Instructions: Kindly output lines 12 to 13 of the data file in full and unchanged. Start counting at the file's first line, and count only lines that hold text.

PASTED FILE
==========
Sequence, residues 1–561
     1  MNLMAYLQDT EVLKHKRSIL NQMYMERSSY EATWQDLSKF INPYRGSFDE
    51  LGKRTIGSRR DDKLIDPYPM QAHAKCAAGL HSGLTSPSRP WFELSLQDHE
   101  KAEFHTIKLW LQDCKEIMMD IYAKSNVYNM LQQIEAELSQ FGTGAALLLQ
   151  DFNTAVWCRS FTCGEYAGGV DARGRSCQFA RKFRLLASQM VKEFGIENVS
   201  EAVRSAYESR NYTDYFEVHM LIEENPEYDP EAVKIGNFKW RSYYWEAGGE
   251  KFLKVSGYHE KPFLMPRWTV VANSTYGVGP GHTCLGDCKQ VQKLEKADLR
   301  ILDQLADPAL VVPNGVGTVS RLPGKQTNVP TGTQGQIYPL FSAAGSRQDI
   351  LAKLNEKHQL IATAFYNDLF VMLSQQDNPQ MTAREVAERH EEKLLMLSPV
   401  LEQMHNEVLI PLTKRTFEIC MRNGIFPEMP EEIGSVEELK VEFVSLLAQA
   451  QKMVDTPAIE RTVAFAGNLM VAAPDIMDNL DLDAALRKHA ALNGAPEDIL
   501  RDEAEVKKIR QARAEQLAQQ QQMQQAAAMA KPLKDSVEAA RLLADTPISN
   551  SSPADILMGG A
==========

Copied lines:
   501  RDEAEVKKIR QARAEQLAQQ QQMQQAAAMA KPLKDSVEAA RLLADTPISN
   551  SSPADILMGG A